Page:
Italy dominated Israel at Jaffa's Bloomfield Stadium last night, easily winning 4-0 to go clear at the top of Group A and secure a place in the next round of Euro 2013.
After the disappointment of throwing away a 2-1 lead over Norway in the last minute of its opening game, Israel needed a solid performance to answer its critics. Despite the oppressive heat and humidity, Israel came out fighting and the opening minutes were finely balanced as both teams probed for openings in attack.
With Israel Zaguri a tiger in midfield, Israel kept pressing forward and looked like giving the Italians a fright - until the visitors produced a sucker punch in the 18th minute, launching a rapid counterattack involving snappy passes between three players that ended in Riccardo Saponara slotting the ball past Israel's goalkeeper, Boris Kleyman, to go 1-0 ahead.
The hosts did not give up so easily, and Israel replied with a flowing attack, with Nir Biton at its heart, that ended with Alon Turgeman miscuing a relatively easy shot. With a game based more on teamwork than individual flair, the well-drilled Israelis kept pressing forward and certainly did not look inferior to their opponents in most facets of the game, despite a few scares at the back.
But in the 37th minute Eyal Golasa slid on the damp turf as he went into a tackle on an Italian player. Even though he made an attempt to lift his feet and avoid injuring his opposite man, the referee did not hesitate to pull out the red card. It appeared a harsh decision that changed the direction of the game.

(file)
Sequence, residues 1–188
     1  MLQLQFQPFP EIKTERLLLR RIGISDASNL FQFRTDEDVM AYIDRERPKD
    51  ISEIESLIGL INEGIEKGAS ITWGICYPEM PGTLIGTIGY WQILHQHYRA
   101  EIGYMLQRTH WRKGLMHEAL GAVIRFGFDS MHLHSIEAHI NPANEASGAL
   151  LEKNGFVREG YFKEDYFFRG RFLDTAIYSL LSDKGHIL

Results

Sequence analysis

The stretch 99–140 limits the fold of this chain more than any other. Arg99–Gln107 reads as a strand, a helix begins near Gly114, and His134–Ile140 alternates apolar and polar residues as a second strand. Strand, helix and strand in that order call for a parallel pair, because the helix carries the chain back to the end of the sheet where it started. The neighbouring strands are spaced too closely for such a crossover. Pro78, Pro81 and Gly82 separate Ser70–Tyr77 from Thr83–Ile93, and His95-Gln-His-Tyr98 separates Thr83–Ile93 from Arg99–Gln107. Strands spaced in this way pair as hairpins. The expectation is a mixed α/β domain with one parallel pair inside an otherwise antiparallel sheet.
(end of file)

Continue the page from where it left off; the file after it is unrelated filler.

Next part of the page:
With the sides no longer balanced, the Italians had more space in midfield for their quick-passing game to express itself, and just before halftime, Italian forward Manolo Gabbiadini fired home from outside the box for Italy's second, which Kleyman should have saved.
As the half wore down, the difference in standards between the two sets of players was becoming more obvious.
The second half opened with a period of total domination by the Italians, and the inevitable third goal came from a screamer of a free kick by Gabbiadini from 20 meters that split Israel's naive defensive wall and sailed past the bemused Kleyman.
With 10 men wilting in the balmy, dusty evening air, the writing was on the wall for Israel, and Italy's fourth came when Alessandro Florenzi took a one-two pass that split the Israeli defense to slot home in the 71st minute.
As the game wore on and any chance of a fightback faded, the players on both teams dropped down a gear in a bid to save energy for their team's next encounter.
"Until Golasa was sent off we were in with a chance," said Israel coach Guy Luzon after the game. "They did everything they could and did not fall apart as the game wore on. For that I am proud of them. We will come into the game against England [on Tuesday] with the intention of doing our best. There's no problem of self-confidence in this team."
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